For those wanting to test their shield for this problem, there is an easy test.

Remove the shield from the arduino.

Attach a wire to the D10 pin on the shield.
Hook up ground and 5v to the corresponding shield pins.

When power is turned on, the backlight should light.

Ground the wire going to D10, the backlight should go off.

Now for a simple test.

Briefly (and I mean just a brief touch) connect the wire from D10 to Vcc.
If the backlight, blinks when you touch the D10 wire to VCC, the shield
has this issue.

Do not set D10 to HIGH or use PWM on this shield unless you modify it.
You can still control the backlight .
First set D10 to LOW. (only need to that once)

Then set the D10 to OUTPUT for off and INPUT for on.

UPDATE: (2014-07-03)
It is possible that there is still an issue even if the backlight doesn't "blink" during
the above test. This could happen if the excess current draw isn't large enough to cause
a power issue for the backlight when doing the above test.
It is possible that the current demand is still way beyond what
an AVR pin can safely supply.
If this is the case, it might work a while but could end up frying the AVR over time.

The best way to test for an issue is to actually measure the current on the D10 pin when it is being driven high.
To do this, wire up the shield as described above but then measure the current between the D10 pin and VCC.
Set your meter for current with + probe going to VCC and - probe going to the D10 pin on the shield.
If you measure more than about 30ma, the backlight circuit has the issue.

--- bill


Nov 05, 2017, 11:23 pm Last Edit: Nov 05, 2017, 11:36 pm by bperrybap
Please, DO NOT do this stupid thing.

Ive just burnt my lcd doing that omg. >.<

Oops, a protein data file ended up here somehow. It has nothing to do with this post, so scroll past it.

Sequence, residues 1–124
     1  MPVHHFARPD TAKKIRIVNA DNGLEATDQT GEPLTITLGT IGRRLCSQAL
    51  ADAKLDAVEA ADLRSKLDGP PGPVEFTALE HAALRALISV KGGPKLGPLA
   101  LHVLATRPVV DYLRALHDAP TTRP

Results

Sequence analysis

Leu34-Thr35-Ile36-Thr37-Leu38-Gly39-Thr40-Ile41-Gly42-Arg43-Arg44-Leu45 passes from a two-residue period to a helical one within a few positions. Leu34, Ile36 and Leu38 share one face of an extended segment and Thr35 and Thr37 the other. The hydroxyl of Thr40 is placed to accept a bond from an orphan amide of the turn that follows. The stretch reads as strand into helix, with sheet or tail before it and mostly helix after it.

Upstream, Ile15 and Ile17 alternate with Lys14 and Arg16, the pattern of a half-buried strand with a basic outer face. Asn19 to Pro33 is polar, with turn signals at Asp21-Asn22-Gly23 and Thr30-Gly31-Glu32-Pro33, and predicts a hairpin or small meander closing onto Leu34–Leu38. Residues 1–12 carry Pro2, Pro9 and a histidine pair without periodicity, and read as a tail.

The current recommend way to test a shield is to use the test sketch indicated in the first post.
Even better is to use my hd44780 library which will work around the issue and also includes a test sketch to test for the issue, which is also mentioned in the first post.
Either of these test sketches are quick and simple to run and if you use the hd44780 library you don't need to worry about it and can use the backlight API calls without worry of h/w damage.

How long did you connect the pin to vcc?
A brief touch would be moving the wire twards another wire in a quick motion where wires only briefly touch as the wires cross paths. Any more time and the risk of damage increases.
It is test that does come with risk of damage if you connect the wire too long.
It is kind of like testing the battery in you car by shorting out the jumper cables to see if you see a spark.
A very brief momentary touch is ok, but if too long it can cause damage.

When measuring the current into the D10 pin of the shield you must measure the current from the D10 pin on the Arduino board and not  from VCC. If using VCC instead of D10 for measuring current, it will likely fry the transistor since the AVR can't supply nearly as much as a unrestricted 5v supply.

The LCD should be fine, more than likely what happened is the transistor got fried.
What did you use for the 5v?
I guess I should have said to use the 5v from the Arduino rather than a bench supply as the Arduino board can't supply gobs of current.

I'll go update the post that describes this to not recommend doing this and instead use the s/w from the first post.
That post was written before the s/w to test for it existed.

--- bill


1st off thanks to all who have contributed to the solutions in this thread!

2nd, HELP please!

I, like many others, just purchased one of these display shields. Read through this thread and downoaded the test sketch. The test sketch showed that my display had the problem. I disassembled the display off the main board to get to R7 and Q1 and found that R7 was 1KOhm. On my first read through, I didn't catch that a 1K would cause a problem using the recommended 510Ohm between D10 and base. (I didn't have any diodes handy.) So I cut the trace and installed the 510 and re-soldered the display back on. Test sketch now shows good, but I have no backlight control, it just always stays on.

I saw one post talking about needing a 29K but using a 10K and switching the 1K somewhere else, but I'm not savvy enough to follow what that was talking about. If I replace the 1K with a 4.7K and replace the 510 with a 10K will that work? Like the new schematics, or what do I need to do to get backlight control working?

Thanks for any assistance!

Go Up